50 Reasons Why I Run



Why run? All runners have been asked this question at some point. Sometimes we brush off the question with funny quips. Sometimes we attempt to confer at least part of what running means to us. It's difficult to put into words and completely impossible to capture in a single neat sentence. Runista recently started a list of 100 reasons why she runs, and it drove me to think about why I run. I will try to explain...

I like the physiological benefits. I run to build strong and muscled legs. I run for the future and current health of my heart and for robust lung strength. I run so that I can run further next time and faster next time. I run to feel smugly virtuous and I run to get my ass handed to me by a tough session. I run to feel the rush of blood to my head, the pounding acid in my legs, and the next-day DOMS. I run for the flooding endorphins that get me high.

Running is an adventure. I run to explore places I have never been and I run to find a new perspective and notice new details in places I have been a million times. I run to get to appointments faster and I run because I prefer it to taking the bus. I run to be with nature and escape from the claustrophobic grip of man-made things. I run to immerse myself in the city and surround myself with the buzz of people. I run to bathe in the rare Scottish sun, I run to soak myself in lashing rain, and I run to feel the pillowy fresh snow below my feet. I run to play with my environment- bouncing rock to rock or from pavement to wall.

I like the psychological effects. I run up hills to feel as though I'm dying- to push into the red. It feels like screaming, like tearing out of your own skin. I push through the descent to feel like I'm flying. I run because hundreds of thousands of years of evolution in human history has lead my body to this point and has given it these abilities. I run because I love my body and often I run because I hate it. Most importantly, I run to build a link between my body and my mind, to teach them how to communicate.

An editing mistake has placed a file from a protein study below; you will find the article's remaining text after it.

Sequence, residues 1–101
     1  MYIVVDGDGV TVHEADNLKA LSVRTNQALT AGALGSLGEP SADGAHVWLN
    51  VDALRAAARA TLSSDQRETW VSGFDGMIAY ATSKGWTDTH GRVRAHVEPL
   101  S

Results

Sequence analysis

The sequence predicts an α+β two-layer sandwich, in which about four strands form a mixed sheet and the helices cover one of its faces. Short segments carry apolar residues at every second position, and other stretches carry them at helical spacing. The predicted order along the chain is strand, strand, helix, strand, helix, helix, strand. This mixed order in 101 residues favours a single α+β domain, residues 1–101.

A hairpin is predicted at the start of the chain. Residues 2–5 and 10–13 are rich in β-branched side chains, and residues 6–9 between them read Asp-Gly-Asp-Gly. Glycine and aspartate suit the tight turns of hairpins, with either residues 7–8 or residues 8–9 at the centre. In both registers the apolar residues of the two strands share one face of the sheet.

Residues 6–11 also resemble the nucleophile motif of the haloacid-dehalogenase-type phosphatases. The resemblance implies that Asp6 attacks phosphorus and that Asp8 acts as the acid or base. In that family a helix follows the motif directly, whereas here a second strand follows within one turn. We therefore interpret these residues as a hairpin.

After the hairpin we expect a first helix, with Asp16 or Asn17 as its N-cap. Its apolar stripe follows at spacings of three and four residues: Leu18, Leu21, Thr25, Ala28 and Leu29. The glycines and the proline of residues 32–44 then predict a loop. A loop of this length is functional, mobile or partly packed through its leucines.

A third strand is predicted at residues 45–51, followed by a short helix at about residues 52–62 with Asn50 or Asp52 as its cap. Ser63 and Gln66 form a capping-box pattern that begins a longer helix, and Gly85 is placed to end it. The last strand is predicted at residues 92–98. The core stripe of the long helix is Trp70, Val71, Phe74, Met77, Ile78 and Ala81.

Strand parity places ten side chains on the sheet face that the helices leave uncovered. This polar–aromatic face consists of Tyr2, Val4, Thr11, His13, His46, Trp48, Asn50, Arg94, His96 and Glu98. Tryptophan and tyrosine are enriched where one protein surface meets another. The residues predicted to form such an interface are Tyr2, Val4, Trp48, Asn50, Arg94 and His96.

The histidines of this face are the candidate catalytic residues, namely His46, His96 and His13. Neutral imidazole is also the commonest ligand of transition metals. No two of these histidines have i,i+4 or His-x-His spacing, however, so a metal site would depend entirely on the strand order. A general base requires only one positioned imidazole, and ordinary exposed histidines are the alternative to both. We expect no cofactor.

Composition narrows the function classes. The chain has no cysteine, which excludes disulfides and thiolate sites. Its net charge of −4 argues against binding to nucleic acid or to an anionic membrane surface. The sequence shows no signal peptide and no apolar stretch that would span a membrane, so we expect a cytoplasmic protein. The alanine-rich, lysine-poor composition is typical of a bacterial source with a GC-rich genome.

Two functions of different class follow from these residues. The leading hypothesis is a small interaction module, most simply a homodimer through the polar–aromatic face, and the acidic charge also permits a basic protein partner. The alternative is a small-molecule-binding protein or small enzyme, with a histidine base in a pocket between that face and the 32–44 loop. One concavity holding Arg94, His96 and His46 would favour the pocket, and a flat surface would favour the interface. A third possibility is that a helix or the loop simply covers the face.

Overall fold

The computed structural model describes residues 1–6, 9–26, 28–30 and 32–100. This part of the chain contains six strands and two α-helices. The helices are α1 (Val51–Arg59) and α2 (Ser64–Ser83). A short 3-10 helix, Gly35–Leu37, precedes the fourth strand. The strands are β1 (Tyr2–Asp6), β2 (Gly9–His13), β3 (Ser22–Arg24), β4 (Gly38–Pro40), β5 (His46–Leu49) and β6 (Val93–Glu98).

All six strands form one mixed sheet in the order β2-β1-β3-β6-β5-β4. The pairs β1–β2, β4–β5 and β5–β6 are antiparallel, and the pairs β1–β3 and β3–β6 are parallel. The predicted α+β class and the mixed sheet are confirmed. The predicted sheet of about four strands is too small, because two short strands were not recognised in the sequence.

I run to find stillness. The world can be loud and invasive so I press forward to find a place where nothing can touch you. I run to find purpose. I run away from life's numerous stresses and I run to ruminate on those stresses or to blow off my anger. I run to stop thinking and I run to think. I run because I have to and I run specifically because I don't want to. I run because my training schedule tells me to and I run just because I can sometimes. I run because I like who running has transformed me into.

I run to connect with people; all the exceptional men and women who I have met and bonded with through joint footfalls. I run to be really, truly alone. I run to prove myself to others and I run to prove myself to myself. I run to think about people who have touched my life and I run to stop myself thinking about them too.

I run because I don't know many better ways to wield your passion or demonstrate your tenacity. I run partially because it is inherently pointless and selfish; because there is no grand meaning to running. With the exception of some effects on bodily physical and mental health, running does not mean much to anyone else. But the joy is that the experience of running is so much more, means so much more, than the sum of its parts.

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Why do you run?




Post written by Scallywag and published on Scallywag Sprints on 06/07/2016

3 Comments:

  1. I think you've captured it beautifully. I'm trying to think of a clever answer to your question, but in all honesty I just run because I love it!

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  2. Love this, I really enjoy running but I have to admit i'm a cyclist at heart.

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